In Hag-Seed, we meet artistic director Felix, who was fired from his position as he was directing a radical interpretation of The Tempest. Now, twelve years later, he is working at a Correctional Facility where he is teaching Shakespeare to the inmates. Here, he decides to put on a play based on The Tempest, because he learns that his former boss, and the person who was responsible for firing him, is coming to visit the Correctional Facility.

So, therein he finds the opportunity to enact his revenge, and what a novel way he takes it. This book works on two levels, putting on The Tempest as a play, and thereby taking his revenge, but also how pieces of The Tempest and the revenges are leaking into his life and re-fuelling his revenge.

The book is beautifully written, the characters work as themselves, separate from their Tempest counterparts,  as well as re-interpretations of characters of The Tempest. I don’t think I’ve read a re-telling quite like this before where the play is constantly referenced and is used a means of enacting the play in Felix’s life, and as a means of revenge.

The Tempest is one of my favourite Shakespeare plays, and Margaret Atwood is the perfect author to re-tell it, and what a success it was. I absolutely loved the book, the language, the pacing, and the Shakespeare lessons one gets from it.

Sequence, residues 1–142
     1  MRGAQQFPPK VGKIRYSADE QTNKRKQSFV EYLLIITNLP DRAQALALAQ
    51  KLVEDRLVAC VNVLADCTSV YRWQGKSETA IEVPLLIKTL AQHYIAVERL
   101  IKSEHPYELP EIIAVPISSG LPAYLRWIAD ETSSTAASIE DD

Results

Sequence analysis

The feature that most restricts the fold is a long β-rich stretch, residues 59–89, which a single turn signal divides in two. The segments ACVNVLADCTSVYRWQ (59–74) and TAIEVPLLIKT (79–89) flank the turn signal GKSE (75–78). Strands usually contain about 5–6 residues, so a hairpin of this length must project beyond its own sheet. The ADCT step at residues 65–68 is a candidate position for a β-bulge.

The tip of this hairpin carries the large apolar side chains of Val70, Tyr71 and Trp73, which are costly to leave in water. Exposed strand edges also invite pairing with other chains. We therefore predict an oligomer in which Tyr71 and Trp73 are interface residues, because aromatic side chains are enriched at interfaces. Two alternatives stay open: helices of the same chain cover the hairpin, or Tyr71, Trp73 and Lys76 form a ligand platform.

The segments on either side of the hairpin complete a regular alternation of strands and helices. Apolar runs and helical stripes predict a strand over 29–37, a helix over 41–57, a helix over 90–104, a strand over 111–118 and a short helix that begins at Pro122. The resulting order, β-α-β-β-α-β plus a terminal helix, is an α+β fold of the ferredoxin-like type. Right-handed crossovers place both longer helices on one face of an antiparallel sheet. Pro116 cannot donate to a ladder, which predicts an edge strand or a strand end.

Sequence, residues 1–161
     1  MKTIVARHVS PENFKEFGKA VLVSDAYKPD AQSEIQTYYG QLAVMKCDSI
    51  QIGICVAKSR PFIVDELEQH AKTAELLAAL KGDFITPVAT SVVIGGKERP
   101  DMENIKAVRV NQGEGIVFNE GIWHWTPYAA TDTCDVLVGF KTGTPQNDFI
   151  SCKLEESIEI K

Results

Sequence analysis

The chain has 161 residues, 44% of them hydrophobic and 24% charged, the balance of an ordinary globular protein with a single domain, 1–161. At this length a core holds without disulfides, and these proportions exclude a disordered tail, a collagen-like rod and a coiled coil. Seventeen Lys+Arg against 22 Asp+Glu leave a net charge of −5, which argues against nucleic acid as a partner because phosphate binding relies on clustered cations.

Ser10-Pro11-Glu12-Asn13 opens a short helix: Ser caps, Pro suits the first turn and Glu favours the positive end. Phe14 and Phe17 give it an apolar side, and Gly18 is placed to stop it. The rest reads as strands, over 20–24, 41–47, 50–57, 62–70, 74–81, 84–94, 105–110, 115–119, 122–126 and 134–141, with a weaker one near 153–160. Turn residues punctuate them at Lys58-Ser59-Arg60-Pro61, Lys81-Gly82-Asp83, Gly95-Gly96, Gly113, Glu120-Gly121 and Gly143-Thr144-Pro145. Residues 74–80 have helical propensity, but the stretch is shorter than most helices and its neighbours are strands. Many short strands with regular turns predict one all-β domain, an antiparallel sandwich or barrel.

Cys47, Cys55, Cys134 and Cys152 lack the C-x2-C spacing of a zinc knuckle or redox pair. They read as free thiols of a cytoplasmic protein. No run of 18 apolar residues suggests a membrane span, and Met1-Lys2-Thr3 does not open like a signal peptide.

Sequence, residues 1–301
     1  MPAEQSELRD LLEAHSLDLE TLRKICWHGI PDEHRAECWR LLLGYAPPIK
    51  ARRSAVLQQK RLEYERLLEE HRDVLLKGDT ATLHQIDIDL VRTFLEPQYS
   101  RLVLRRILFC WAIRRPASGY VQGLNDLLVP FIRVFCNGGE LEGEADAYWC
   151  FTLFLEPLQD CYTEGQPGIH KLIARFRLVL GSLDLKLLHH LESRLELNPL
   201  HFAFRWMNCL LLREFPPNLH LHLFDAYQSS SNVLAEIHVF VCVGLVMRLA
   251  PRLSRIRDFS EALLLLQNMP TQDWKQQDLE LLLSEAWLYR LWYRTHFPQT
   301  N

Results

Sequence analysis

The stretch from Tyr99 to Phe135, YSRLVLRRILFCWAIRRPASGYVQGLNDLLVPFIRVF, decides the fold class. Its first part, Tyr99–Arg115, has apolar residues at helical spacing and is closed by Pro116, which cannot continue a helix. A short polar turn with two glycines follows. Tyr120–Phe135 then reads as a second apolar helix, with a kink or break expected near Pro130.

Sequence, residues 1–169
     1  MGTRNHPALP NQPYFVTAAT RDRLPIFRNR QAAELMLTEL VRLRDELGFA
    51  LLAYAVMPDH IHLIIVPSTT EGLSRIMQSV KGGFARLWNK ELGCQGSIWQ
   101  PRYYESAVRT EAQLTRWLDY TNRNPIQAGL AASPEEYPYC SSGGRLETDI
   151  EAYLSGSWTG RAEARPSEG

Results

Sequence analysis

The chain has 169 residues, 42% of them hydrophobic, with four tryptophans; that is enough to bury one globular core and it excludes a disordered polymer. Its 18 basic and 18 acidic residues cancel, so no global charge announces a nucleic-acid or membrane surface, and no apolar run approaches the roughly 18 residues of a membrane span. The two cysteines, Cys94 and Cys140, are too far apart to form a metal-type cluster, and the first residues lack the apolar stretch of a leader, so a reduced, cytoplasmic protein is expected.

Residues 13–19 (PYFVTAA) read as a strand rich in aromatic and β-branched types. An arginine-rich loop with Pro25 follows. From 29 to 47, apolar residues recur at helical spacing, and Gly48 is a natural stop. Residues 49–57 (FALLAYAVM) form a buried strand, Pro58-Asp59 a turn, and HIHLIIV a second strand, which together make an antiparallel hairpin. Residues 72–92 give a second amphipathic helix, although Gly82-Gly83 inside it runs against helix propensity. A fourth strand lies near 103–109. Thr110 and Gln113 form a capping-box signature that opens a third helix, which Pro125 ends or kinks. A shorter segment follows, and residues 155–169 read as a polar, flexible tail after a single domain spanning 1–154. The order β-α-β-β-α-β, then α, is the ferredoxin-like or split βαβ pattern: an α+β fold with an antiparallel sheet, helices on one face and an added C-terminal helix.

If you love Shakespeare, or you just love a good read, Margaret Atwood’s Hag-Seed is the book for you!

Hyperion/The Fall of Hyperion by Dan Simmons


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These two books form a mammoth first part to an epic series by Dan Simmons. Hyperion follows a group of  seven people -The Consul, a detective, a poet, a soldier, a scholar, a priest, and the captain of the tree ship on which they are travelling – on a pilgrimage to Hyperion, where the Time Tombs are located, where they will, inevitably, encounter a mythical creature, worshiped by some, feared by almost everyone else, called The Shrike.

Borrowing from the structure and form of Geoffery Chaucer’s The Canterbury Tales, each character shares their tale. The second one, The Fall of Hyperion, follows them as they navigate the challenging landscape of Hyperion, and the Time Tombs under the shadow of the Shrike, and the impending Ouster Invasion, and its consequences.

Both the books are mindbogglingly brilliant.

What I love about them is how different both of them are from each other; the first is divided into stories detailing the past lives of the pilgrims before the came onto the Tree Ship. And each story has a different genre to it, and each story shows their connection to the Shrike, and Hyperion. My personal favourite is the Scholar’s tale, where he talks about his daughter, who was conducting her research at one of the time tombs, The Sphinx, and due to some anomaly, she has started ageing backwards, and because of that the scholar and his wife have to take care of their daughter again.